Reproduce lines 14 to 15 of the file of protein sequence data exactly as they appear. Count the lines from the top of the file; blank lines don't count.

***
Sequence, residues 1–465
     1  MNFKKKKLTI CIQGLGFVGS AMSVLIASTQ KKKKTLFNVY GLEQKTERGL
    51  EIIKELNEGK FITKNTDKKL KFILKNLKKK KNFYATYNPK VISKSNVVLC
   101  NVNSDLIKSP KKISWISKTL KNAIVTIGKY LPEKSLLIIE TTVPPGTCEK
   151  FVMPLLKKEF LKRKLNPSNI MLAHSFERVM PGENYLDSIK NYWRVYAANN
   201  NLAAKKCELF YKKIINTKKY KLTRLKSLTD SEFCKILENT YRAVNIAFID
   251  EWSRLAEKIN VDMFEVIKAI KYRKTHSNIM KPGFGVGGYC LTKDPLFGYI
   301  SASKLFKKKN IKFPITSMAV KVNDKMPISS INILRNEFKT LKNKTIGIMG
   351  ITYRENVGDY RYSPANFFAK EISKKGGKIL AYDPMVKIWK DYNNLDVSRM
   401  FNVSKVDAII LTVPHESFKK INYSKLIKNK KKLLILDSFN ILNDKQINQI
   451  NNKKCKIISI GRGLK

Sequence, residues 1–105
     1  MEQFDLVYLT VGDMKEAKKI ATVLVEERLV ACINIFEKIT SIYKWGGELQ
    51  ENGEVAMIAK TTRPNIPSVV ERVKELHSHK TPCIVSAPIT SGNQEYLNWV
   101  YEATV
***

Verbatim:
    51  ENGEVAMIAK TTRPNIPSVV ERVKELHSHK TPCIVSAPIT SGNQEYLNWV
   101  YEATV